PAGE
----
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Intangible Heritage of Humanity List print


Jongmyo Jerye is a ceremony held for the king and queens of the Joseon Period in the shrine where the ancestral tablets of theirs are preserved. Jongmyo, along with the rituals where services for the Gods of Earth and Corps were performed, is considered as an important symbol which is the foundation of national survival. It has Jeongjeon(Main Hall), enshrined 49 tablets in 19 spirit chambers, and Yeongnyeongjeon(Hall of Eternal Peace), enshrined 33 tablets in 16 spirit chambers.

Jongmyo Jerye was one of the five kinds of rites performed by the Joseon Dynasty's royal family. The five were classified as gillye (auspicious rites), hyungnye (funural rites), binnye (reception ceremonies), gunne (military rites), and garye (wedding ceremonies). The gillye includes the ritual service to the gods of heaven and earth and royal ancestral spirits. Besides the rite worshipping the royal ancestors, Jongmyo Jerye has also been dedicated to meritorious civil and military retainers.

It was classified into regular and extraordinary ceremonies. The regular ceremony was held in January, April, July, and October. Initially, an extraordinary ceremony was held when auspicious occasions and national disasters occurred, but after the liberation from Japanese imperialist rule, it was held on the first Sunday of May. As it was a model of all ceremonies for spirits, its order and procedures were very strict and solemn.

Jongmyo Jerye proceeded in an order of rehearsal → ancestral tablet placing → spirits welcoming → singwanrye → food presenting → first obeisance → second obeisance → last obeisance → sacrificial food and drink partaking → cheolbyeondu → mangryo → closing. Before Jongmyo Jerye, a monarch was prudent in his speech and action for 4 days and cleaned his body for 3 days. 'Filial piety' is one of the Confucian tenets and Jongmyo Jerye, as the national manifestation of filial piety, took the role of enhancing the solidarity of people and bringing them closer together through that very common denominator. Jongmyo Jerye, as a standard of art in Confucian society, is a valuable cultural asset and the music, dance, ritual vessels, and libation of foods of Jongmyo Jerye are essential manifestations of aesthetics of performing arts based on cosmic and Confucian principles.

Jongmyo Jeryeak, Royal Ancestral Ritual Music, was performed when royal people held a ceremony for the repose of their ancestors in the Shrine, just named 'Jongmyoak.' Each procedure of the ceremony was composed of various music such as 'Botaepyeong' and 'Jeongdaeeop,' songs called 'Jongmyoakjang' praising the civil achievements of the Joseon kings and their military exploits, and dances like 'Botaepyeong dance' and 'Jeongdaeeop dance.'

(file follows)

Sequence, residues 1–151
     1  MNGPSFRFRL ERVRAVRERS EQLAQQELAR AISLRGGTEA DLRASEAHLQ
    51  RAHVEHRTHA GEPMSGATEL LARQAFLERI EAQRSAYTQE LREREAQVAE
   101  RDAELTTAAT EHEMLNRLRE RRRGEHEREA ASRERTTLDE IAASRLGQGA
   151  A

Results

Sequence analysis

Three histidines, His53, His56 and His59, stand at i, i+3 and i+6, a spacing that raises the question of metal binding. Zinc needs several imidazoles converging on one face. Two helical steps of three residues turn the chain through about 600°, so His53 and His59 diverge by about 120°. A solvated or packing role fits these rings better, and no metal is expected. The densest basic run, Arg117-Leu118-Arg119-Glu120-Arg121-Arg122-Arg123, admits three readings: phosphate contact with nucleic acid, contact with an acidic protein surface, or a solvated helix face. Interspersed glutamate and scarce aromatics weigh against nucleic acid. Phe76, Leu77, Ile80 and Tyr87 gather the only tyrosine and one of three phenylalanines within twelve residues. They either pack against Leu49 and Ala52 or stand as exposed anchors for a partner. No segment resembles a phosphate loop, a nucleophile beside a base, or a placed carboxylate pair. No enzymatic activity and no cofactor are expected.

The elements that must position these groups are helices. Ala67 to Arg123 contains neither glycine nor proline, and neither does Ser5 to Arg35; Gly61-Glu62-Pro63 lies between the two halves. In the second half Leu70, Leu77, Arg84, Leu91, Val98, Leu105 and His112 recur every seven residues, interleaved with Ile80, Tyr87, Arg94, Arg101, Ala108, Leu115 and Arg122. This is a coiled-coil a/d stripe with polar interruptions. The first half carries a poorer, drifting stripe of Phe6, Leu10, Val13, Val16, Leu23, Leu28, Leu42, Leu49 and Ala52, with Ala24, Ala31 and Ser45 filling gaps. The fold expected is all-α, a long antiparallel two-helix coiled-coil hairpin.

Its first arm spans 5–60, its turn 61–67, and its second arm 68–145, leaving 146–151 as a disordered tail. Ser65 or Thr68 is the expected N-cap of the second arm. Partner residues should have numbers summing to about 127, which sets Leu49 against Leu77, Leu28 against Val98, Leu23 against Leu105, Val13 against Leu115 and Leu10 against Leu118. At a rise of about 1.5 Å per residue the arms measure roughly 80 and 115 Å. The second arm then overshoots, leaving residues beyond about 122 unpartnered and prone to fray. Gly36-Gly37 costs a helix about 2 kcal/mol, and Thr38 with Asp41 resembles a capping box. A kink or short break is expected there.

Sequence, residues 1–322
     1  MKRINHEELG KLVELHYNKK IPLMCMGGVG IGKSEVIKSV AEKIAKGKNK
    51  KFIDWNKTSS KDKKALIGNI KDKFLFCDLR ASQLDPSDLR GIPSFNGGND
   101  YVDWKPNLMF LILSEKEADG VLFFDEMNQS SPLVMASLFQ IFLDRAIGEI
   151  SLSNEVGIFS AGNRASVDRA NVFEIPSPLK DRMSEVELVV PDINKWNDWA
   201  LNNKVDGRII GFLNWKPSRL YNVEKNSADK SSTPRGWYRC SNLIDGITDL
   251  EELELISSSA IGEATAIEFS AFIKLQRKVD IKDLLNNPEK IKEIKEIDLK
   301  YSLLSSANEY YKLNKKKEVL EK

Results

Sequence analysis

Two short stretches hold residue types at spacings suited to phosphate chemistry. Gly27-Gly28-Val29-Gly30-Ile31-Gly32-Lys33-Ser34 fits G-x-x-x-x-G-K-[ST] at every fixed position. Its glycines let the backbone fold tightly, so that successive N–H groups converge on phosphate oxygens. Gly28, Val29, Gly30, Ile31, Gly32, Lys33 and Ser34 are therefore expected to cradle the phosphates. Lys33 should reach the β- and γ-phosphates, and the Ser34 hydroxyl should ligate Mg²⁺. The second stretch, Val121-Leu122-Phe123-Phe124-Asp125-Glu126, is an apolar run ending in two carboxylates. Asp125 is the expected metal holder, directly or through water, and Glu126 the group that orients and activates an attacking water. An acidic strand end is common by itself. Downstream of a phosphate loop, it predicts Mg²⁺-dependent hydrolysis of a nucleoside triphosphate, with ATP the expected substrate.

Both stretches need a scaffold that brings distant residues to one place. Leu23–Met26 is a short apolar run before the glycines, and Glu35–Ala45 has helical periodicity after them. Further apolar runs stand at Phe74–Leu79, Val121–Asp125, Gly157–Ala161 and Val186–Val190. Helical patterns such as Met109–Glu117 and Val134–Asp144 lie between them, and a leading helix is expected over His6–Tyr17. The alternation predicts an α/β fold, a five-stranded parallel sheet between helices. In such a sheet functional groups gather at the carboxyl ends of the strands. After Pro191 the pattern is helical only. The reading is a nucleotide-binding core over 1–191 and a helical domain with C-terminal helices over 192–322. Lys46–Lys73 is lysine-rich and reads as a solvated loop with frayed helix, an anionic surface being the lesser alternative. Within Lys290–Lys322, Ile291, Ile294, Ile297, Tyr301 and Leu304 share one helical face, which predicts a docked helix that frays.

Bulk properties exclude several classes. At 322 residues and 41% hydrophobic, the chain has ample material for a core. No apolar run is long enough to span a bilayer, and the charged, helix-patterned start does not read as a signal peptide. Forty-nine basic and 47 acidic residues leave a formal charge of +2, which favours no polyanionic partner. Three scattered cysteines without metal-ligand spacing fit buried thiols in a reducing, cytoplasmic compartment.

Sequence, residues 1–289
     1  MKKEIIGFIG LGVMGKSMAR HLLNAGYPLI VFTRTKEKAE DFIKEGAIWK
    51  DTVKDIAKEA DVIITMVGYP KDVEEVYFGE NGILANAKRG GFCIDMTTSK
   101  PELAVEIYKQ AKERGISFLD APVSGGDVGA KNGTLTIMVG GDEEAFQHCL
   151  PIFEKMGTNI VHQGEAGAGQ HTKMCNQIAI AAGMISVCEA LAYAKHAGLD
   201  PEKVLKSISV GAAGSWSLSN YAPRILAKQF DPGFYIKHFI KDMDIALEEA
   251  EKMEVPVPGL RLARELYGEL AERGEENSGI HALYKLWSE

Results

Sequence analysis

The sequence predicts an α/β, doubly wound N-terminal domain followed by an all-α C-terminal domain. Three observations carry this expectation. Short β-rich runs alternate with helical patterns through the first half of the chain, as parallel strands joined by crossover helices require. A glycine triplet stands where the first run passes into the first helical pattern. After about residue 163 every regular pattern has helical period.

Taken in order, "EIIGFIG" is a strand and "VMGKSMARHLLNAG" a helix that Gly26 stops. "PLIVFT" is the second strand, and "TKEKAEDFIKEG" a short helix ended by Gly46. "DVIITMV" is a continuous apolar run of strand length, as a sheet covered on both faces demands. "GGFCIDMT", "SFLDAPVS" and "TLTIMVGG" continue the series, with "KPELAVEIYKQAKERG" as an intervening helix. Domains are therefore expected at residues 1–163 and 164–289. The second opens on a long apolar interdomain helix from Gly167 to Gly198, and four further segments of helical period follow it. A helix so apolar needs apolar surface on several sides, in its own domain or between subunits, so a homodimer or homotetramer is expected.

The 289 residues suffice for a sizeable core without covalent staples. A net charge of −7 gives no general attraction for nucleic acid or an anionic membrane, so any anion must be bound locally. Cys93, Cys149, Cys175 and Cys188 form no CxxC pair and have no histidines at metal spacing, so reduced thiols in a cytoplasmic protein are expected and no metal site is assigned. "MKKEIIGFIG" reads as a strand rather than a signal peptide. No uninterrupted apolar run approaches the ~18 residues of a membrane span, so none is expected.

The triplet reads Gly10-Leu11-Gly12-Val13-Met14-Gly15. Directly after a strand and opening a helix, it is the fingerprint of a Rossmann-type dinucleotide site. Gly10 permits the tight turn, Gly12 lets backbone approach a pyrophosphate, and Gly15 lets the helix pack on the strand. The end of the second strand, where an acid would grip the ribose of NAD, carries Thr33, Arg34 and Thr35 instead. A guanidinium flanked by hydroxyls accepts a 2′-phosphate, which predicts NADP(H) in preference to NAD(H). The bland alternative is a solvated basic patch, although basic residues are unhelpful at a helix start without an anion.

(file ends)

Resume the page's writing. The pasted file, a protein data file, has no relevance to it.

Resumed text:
The music, which was initially created in the reign of the Joseon Dynasty's 4th King, King Sejong, was used in royal palace banquets, and then it was modified as suitable for the ceremony under Sejo's reign, which has been handed down to present. The music was performed in Jongmyodaejae, which was discontinued in 1946 and then resumed in 1971, on the first Sunday of May every year.

Jongmyo Jeryeak performed in Jongmyo Shrine consists of Botaepyeong, which has 11 music pieces, and Jeongdaeeop, which also has 11 music pieces. The musicians are divided into the upper terrace orchestra in the foreground, called the Deungga, and the lower terrace orchestra, called the Heonga. Some music pieces of Jongmyo Jeryeak have their roots in the Tang Dynasty and Song Dynasty of China, and some grew in the native environment. These three different styles of music pieces are played with different instrumental ensembles.

Line dances are performed to the orchestral accompaniment of Deungga or Heonga in accordance with ritual procedures. Line dances aim at delineating the harmony of the negative and positive cosmic forces of yin and yang while they shift between civil dance(Munmu), delineating the positive force of yang to praise the civil achievements of the Joseon kings, and military dance(Mumu), delineating the nature of negative force of yin to praise the military achievements of the Joseon kings, for which the hand-held props are changed appropriately.

Hundreds of officiants, musicians, dancers, and attendants all create the ensemble of this composite art reflecting solemnity and magnificence typical of Asia. That this original property has continued without impairment for 500 years makes it indeed rare, so that its value should be preserved as part of the world's intangible cultural heritage and its benefits should be shared with a broad range of people worldwide.

Jongmyo Jeryeak, Important Intangible Cultural Properties No. 1, was selected as 'Masterpieces of the Oral and Intangible Heritage of Humanity,' with Jongmyo Jerye, Important Intangible Cultural Properties No. 56



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